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If you walk out of The Notebook with sigh-inducing, brain-looping daydreams about passionately tonguing Ryan Gosling in the rain—well, there’s something wrong with you. The title of director and co-scripter Janos Szarz’s film is apt yet unfortunately familiar, its Forever stamp on 21st-century pop culture certain to send worshipful Nick Sparks–ians into tizzies until they realize that this World War II-themed release is not an opportunity for another big-screen swoon.
Adapted from an Agota Kristof novel, The Notebook offers a unique—if not entirely successful—view of war crimes that’s part Holocaust, part Lord of the Flies. Yes, the story about twin Hungarian boys educating themselves in the ways of evil feels more like an exercise than a plausible situation. Yet the film is well-acted, chilling, and ultimately engrossing. Thank goodness for that: How many straightforward WWII movies can an audience withstand?
The film is set in 1944, as the nameless adolescent twins (Laszlo and Andras Gyemant) are sent to live with their hardened, widowed grandmother (Piroska Molnar), who’s not too happy about playing babysitter after a two-decade estrangement from their mother (Gyongyver Bognar). The grandmother keeps them outside at first, and she continues to call them bastards even after she warms up to them a bit.
Grannie makes the boys work for food, a condition they both immediately challenge by trying to grab seconds with ninja stealth, staring with warlike intensity at the source of their personal battle as she throws daggers right back. They claim that she beats them, and that others—soldiers, townsfolk—abuse them as well. So they start acting in accordance with their earlier declaration (“we’re at war”), observing how people inflict physical and emotional pain on others and training themselves to be able to endure—and dole out—such torture in order to survive.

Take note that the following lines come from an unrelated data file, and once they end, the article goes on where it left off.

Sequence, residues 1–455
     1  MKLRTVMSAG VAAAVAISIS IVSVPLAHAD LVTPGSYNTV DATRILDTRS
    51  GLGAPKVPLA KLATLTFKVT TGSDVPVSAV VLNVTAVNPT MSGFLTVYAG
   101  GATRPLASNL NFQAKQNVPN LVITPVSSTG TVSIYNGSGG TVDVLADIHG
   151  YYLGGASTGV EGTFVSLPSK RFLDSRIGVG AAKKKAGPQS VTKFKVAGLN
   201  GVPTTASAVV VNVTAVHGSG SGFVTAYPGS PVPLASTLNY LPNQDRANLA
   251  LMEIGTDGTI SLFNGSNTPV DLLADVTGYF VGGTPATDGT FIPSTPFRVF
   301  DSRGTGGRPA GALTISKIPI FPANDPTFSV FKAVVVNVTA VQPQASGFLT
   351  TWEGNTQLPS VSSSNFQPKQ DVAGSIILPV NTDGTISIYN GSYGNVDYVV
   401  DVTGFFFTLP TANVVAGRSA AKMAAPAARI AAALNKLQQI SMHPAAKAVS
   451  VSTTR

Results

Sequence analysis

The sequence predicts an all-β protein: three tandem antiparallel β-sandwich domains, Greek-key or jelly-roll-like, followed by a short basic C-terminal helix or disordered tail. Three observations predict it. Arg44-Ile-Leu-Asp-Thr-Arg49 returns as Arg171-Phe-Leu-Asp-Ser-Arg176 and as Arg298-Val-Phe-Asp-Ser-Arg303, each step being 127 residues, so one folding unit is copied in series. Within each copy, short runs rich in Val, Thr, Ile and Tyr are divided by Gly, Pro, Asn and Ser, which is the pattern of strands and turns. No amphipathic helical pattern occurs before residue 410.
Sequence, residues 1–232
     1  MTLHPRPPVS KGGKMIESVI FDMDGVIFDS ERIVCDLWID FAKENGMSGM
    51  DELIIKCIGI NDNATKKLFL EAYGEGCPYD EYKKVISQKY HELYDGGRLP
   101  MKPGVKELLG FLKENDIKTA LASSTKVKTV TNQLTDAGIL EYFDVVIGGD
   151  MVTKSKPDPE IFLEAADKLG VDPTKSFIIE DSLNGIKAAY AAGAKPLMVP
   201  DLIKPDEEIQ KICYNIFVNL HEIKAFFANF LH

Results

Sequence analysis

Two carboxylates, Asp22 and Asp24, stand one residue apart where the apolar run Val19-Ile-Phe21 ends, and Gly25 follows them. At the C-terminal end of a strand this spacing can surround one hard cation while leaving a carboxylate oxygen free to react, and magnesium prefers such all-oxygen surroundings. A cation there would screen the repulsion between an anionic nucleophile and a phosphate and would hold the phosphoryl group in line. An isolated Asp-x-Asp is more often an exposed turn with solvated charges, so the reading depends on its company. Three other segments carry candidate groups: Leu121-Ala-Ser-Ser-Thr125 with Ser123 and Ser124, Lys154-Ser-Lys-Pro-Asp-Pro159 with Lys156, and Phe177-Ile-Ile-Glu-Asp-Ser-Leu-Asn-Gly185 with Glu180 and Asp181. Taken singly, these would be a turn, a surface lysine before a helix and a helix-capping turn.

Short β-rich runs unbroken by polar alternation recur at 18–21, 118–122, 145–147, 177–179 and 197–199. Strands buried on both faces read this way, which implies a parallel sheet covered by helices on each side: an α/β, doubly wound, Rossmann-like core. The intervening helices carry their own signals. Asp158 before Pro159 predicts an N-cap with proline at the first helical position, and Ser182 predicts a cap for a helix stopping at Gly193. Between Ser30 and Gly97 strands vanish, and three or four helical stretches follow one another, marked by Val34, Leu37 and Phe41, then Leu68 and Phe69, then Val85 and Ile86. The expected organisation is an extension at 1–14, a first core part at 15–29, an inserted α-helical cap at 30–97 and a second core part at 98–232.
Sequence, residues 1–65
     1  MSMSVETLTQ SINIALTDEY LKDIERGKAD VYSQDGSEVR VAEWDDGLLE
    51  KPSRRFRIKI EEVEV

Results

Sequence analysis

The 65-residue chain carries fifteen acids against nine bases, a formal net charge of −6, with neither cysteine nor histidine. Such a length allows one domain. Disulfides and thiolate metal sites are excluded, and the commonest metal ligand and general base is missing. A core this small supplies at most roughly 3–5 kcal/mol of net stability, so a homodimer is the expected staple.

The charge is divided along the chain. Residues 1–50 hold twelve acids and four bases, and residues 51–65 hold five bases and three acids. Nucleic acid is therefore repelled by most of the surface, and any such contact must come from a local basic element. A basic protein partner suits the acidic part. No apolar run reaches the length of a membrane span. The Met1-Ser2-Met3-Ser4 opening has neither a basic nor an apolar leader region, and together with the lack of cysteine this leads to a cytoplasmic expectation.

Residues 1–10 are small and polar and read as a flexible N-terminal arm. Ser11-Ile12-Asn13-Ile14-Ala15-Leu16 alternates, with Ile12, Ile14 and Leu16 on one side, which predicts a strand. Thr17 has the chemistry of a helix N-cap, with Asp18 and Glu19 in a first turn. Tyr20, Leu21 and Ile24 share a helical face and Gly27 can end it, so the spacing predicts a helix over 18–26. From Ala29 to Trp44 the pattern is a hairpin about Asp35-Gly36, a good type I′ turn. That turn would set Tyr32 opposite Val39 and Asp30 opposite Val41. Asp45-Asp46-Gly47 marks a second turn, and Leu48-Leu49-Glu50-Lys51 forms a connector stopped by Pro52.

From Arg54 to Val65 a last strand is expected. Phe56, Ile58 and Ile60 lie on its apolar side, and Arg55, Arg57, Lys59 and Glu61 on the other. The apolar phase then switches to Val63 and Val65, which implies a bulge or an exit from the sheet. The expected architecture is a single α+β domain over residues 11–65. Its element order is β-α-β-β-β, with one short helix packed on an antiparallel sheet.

Though the Gyemants’ characters express themselves more keenly with their savage eyes and actions than words, the twins tell of their experiences in a voiceover taken from what they’ve written in the titular notebook, which their soldier father gave them before returning to fight, instructing them to record everything they do. In its virgin state, the tablet is beautifully pristine, its thick, blank pages fluttering promisingly as one of the boys thumbs through it. The bloody animations and death tolls will come later.
The Notebook is often cold but rarely brutal, which keeps the boys’ eventually warped sense of vigilante justice feeling one-dimensional. It’s difficult to watch the pair hit and whip each other; Grandma is also built of an unsavory if earthly steel. (That is, until the terrific Molnar lets a glint of fear slip through.) A spare, well-timed sound effect akin to Law & Order’s famous “tha-thunk” plays throughout the film to dramatize the boys’ devolution into little monsters. And yet it’s all too clean, their sadistic turn too quick. Worse, the boys’ deadened stares at their potential prey sometimes makes you think, “bad cop, bad cop.” One of them narrates early on that they have one rule for judging whether what they write is any good: “It has to be true.” Call The Notebook good-ish.
The film opens Friday, Sept. 26 at E Street Cinema.